Hello, Joe and Mika. My name is Patte and I am a compulsive Morning Joe watcher. I enjoy the background chatter, banter and congenial badgering while I’m getting ready for work. And often a segment makes me stop and pay attention.
Which happened during Wednesday’s show. The topic was the to-the-wire confirmation of Secretary of Education Betsy DeVos. But the substance had more to do with our so-called failing public schools. Political strategist and frequent Morning Joe table talker Steve Schmidt kicked it off by calling our public education system “fundamentally broken” and a “total profound failure.” As evidence, he pointed to Los Angeles where, he claimed, “50 percent of Black and Latino students don’t make it to a diploma.” Joe Scarborough piled on, saying that “public education is broken” and “everyone knows that’s the case.” The generally affable Willie Geist weighed in: “We can’t keep dumping millions into a broken system.”
Admittedly, I’m a little sensitive. After all, being for public education is embedded in our name, the Center for Public Education. But fundamental to our mission is also being data-driven. And the ubiquitous assertion that public schools are failing sets our collective teeth on edge.
· By many measures, public schools are performing better than they ever have.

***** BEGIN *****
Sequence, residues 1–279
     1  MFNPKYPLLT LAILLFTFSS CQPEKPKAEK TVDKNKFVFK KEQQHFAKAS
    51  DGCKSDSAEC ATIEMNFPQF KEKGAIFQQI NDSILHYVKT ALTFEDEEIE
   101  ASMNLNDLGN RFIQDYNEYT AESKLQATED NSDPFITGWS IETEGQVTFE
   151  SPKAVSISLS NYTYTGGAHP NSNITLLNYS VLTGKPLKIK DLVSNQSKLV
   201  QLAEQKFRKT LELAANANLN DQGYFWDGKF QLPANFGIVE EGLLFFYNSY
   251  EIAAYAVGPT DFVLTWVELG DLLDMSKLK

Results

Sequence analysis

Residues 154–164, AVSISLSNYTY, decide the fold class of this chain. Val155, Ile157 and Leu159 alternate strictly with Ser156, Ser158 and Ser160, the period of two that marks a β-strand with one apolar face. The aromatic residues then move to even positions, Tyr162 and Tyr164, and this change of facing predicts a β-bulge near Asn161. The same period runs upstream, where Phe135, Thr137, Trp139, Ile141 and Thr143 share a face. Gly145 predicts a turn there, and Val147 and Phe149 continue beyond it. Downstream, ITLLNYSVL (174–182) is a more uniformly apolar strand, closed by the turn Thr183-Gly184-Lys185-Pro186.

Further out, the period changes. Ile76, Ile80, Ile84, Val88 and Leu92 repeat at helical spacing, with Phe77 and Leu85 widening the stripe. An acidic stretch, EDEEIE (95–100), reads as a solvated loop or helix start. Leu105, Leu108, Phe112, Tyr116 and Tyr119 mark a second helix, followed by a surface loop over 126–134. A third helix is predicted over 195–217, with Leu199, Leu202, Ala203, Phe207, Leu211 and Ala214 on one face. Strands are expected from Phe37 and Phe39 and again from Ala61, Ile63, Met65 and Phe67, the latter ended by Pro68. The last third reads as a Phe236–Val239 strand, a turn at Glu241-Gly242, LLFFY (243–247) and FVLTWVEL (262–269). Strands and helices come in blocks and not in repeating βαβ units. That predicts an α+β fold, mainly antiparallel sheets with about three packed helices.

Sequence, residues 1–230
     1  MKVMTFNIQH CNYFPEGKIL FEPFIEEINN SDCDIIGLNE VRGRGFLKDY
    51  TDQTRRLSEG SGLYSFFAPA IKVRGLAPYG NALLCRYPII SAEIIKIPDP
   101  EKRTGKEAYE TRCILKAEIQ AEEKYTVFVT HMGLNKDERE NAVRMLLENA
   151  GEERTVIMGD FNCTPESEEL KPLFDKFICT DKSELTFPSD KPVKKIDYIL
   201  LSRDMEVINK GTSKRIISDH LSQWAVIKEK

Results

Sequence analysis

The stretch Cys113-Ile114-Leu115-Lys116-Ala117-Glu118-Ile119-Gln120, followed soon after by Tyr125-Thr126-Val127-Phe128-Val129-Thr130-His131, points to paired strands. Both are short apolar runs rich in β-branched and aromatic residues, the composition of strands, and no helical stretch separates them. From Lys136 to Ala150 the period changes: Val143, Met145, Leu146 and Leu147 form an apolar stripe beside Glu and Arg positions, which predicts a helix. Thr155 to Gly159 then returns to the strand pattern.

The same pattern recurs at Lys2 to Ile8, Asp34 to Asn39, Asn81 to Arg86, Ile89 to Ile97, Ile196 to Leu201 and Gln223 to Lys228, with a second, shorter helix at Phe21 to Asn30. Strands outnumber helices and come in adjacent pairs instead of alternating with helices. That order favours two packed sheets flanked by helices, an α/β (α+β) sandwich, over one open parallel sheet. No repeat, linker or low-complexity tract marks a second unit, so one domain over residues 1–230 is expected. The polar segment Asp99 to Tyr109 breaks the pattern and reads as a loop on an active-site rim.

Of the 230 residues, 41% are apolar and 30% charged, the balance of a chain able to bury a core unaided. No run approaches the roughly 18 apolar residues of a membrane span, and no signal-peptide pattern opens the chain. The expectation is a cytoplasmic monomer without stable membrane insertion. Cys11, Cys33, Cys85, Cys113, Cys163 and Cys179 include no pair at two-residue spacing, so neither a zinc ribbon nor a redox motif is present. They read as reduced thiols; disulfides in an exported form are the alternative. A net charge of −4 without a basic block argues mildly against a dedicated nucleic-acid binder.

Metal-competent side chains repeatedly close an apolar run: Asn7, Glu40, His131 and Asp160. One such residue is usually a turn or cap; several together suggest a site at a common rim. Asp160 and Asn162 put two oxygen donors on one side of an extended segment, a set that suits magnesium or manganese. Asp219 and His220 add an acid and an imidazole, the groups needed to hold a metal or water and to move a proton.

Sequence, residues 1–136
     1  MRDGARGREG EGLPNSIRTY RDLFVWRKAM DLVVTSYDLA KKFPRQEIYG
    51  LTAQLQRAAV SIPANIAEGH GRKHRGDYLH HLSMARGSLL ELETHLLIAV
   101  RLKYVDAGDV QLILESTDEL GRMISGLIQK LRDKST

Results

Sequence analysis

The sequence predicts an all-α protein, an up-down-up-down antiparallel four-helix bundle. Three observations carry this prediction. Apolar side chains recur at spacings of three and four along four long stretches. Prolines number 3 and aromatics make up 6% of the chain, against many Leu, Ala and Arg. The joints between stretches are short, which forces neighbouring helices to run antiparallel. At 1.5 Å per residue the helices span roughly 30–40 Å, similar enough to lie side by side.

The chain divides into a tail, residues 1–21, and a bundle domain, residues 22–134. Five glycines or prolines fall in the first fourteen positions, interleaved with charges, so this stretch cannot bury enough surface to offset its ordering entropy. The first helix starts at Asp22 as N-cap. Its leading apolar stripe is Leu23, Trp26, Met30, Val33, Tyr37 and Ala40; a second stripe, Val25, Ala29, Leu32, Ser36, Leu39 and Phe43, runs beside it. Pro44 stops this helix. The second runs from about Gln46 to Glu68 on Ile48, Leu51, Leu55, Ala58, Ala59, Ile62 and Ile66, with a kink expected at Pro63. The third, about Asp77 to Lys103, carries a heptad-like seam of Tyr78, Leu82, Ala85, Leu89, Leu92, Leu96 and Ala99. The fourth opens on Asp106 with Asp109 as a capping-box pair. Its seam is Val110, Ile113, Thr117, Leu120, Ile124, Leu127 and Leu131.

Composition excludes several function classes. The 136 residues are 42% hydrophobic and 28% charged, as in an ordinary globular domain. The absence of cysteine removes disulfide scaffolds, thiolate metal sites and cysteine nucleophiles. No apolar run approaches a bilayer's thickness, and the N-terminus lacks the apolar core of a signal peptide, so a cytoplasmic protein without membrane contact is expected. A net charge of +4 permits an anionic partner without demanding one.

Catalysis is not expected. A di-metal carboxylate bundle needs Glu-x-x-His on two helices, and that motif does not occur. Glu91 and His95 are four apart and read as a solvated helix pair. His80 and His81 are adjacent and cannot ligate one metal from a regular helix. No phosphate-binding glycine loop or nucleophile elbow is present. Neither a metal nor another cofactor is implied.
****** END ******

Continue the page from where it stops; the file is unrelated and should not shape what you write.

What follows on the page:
· Public schools still need – and want -- to do better.
Since Steve Schmidt brought it up, let’s talk about high school graduation. The rate of high school students graduating is at historically high levels. In 2014, public schools posted their highest ever graduation rate -- 82 percent -- largely driven by gains for Black and Latino students. To be sure, gaps are still present, but they have narrowed significantly.
So what about Los Angeles? The overall grad rate for LA Unified Schools was 72 percent in 2015, up from 62 percent five years earlier. The rates for Black and Latino students were, respectively, 67 and 71 percent, lagging their peers nationally, but clearly better than the 50 percent Schmidt reported.
Other measures may be surprising. Our younger public school students are rocking it in math. According to results of the National Assessment for Educational Progress, today’s fourth-graders score 27 points higher on the NAEP scale than their peers did in 1990. Eighth-graders have higher scores by 19 points. To put it in lay terms, that’s about two years more of math learning. Although reading gains aren’t quite as dramatic as math, reading scores have likewise improved over the last two decades. And here’s a shocker: in math and reading, fourth-graders perform significantly above the international average.
More of our youngest students are enrolled in high-quality pre-k programs.
This is not to say we are where we need to be. High school students aren’t improving as fast as our elementary and middle-schoolers. Despite the progress made with low-income and minority students, schools have yet to close the achievement gap. And an 82 percent grad rate is not 100 percent. Clearly, we have a lot more work to do. But perpetuating the notion that our public schools are failing masks the real gains public schools have made. Worse, it sends a discouraging message to the hard-working educators who are making children’s lives better every day.
Joe, Mika – I love what you do every morning. But on this topic, you are flirting with joining the culture of alternative fact. It’s not too late to pull back and we can help. We even have charts. Have Steve Rattner give us a call.
This post also appeared at www.centerforpubliceducation.org.